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May 1, 2019

How live recordings of neural electricity could revolutionize how we see the brain

Posted by in category: neuroscience

Red and blue lights flash. A machine whirs like a distant swarm of bees. In a cubicle-sized room, Yoav Adam, a microscope, and a video projector capture something no one has ever seen before: neurons flashing in real time, in a walking, living creature.

For decades scientists have been searching for a way to watch a live broadcast of the brain. Neurons send and receive massive amounts of information—Toe itches! Fire hot! Garbage smells!—with impressive speed. Electrical signals can travel from cell to cell at up to 270 miles per hour.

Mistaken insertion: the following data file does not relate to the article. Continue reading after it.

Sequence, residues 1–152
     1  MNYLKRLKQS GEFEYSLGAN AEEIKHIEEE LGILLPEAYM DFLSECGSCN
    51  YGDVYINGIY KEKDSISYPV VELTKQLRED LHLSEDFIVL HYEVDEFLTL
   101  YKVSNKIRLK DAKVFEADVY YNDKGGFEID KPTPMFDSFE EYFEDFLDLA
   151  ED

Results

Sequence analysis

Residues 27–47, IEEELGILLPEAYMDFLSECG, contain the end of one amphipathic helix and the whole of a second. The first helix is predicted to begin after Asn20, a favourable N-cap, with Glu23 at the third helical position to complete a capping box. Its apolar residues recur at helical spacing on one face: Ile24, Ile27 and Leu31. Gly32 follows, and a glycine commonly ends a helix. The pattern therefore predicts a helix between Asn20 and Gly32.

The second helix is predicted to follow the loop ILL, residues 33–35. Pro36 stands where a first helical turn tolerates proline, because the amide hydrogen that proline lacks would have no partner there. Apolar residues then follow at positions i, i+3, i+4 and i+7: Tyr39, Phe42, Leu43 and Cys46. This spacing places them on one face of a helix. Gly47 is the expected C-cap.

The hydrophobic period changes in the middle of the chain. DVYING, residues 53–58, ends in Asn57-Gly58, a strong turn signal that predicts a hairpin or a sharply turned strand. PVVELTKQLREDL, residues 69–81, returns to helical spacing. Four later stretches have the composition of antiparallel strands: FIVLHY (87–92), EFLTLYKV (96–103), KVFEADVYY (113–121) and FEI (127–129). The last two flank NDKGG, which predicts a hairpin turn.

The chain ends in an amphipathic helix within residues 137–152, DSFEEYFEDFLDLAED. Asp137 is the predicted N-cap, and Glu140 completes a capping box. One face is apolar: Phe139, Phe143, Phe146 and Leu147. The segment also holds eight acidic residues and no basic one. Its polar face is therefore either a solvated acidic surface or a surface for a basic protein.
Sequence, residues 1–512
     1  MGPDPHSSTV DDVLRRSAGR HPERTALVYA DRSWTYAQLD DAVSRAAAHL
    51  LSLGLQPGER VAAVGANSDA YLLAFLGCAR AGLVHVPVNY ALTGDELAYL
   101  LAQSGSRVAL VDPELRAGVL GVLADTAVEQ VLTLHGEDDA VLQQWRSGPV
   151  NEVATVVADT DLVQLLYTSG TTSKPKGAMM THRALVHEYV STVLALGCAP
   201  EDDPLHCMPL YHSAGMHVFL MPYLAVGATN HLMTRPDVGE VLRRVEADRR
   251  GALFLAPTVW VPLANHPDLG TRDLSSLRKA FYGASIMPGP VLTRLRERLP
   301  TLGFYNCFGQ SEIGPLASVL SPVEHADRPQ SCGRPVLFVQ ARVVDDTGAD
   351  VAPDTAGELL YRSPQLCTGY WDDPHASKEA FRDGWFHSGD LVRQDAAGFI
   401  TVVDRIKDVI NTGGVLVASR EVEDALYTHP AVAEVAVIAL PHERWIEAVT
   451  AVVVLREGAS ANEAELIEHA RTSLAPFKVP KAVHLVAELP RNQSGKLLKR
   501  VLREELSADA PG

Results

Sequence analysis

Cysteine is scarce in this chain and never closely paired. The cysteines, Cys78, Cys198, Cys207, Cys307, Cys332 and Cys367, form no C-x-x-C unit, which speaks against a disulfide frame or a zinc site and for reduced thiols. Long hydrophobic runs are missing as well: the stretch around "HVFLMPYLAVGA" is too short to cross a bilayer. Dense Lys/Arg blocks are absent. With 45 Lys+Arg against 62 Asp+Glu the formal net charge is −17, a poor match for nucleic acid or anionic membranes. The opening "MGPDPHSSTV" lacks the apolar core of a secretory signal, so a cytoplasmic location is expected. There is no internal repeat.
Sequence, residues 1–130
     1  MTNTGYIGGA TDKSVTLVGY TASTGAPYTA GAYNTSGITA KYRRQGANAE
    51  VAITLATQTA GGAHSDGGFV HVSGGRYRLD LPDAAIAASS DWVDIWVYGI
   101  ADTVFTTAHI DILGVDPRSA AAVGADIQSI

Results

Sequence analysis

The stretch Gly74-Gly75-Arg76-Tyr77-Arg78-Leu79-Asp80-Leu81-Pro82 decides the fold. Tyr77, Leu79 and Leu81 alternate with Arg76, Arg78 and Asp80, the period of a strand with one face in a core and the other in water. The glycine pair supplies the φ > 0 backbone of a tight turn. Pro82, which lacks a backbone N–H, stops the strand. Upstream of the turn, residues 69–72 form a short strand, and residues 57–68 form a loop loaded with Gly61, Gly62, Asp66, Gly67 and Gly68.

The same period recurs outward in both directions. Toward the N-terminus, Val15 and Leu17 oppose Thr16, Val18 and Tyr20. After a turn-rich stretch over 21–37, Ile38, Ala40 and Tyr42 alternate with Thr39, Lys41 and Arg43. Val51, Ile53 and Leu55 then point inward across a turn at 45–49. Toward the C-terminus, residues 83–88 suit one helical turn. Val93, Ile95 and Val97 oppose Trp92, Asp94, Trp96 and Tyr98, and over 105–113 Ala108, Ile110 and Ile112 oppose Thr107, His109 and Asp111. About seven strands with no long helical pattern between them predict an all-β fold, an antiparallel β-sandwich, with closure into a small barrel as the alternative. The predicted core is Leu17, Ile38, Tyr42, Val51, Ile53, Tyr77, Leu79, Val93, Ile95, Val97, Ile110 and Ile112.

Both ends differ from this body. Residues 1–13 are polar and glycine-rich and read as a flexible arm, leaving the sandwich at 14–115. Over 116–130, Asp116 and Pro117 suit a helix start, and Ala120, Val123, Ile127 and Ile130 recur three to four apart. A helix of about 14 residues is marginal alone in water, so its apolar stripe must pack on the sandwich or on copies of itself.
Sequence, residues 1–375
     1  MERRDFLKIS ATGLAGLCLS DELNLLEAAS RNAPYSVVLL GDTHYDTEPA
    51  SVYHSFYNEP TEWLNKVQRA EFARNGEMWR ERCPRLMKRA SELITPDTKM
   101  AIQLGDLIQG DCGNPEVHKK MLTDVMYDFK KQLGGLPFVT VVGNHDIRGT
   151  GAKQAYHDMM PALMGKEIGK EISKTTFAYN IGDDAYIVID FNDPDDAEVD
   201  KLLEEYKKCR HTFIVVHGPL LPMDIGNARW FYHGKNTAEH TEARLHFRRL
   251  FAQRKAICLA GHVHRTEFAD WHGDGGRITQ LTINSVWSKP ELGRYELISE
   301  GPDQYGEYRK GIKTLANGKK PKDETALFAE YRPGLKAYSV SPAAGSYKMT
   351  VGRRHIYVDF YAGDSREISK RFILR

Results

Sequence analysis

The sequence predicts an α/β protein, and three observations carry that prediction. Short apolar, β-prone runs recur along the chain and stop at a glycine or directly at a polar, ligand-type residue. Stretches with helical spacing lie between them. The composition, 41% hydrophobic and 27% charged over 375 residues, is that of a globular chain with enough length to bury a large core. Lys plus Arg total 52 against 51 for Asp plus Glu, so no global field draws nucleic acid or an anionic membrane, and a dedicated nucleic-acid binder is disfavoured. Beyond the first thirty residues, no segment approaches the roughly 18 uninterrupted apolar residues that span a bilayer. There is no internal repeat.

But, neural electricity is just as hard to see as electricity in a telephone wire: To the unassisted eye, the busy brain looks as lifeless as rubber. So, to observe how neurons turn information (toe itches) into thoughts (“itching powder”), behaviors (scratching), and emotions (anger), we need to change the way we see.

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